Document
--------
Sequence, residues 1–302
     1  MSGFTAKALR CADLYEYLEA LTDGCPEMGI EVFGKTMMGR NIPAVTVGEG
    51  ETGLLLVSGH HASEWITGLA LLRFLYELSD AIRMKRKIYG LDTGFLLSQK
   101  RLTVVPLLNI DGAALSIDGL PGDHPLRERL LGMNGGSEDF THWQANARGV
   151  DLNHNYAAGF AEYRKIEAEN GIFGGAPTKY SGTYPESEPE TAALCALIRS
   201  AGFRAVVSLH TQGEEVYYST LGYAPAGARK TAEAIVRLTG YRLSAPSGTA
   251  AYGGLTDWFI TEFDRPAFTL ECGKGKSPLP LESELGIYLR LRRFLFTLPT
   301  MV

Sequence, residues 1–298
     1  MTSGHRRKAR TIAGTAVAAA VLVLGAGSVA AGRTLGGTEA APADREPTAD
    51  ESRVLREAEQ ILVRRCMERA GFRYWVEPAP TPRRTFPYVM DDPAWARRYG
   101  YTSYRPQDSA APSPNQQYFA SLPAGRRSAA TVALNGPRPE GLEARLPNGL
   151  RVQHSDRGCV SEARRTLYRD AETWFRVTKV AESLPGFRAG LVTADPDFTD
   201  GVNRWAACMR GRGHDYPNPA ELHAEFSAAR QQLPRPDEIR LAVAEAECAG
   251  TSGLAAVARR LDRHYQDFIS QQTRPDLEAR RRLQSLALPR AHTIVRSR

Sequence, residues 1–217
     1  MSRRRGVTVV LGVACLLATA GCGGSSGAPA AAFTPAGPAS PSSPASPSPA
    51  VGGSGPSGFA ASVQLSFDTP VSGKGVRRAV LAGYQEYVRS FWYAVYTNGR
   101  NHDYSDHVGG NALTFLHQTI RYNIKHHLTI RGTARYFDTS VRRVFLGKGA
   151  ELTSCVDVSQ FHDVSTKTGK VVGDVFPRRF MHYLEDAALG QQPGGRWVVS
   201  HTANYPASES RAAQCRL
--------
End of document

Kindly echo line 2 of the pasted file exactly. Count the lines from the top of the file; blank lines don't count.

     1  MSGFTAKALR CADLYEYLEA LTDGCPEMGI EVFGKTMMGR NIPAVTVGEG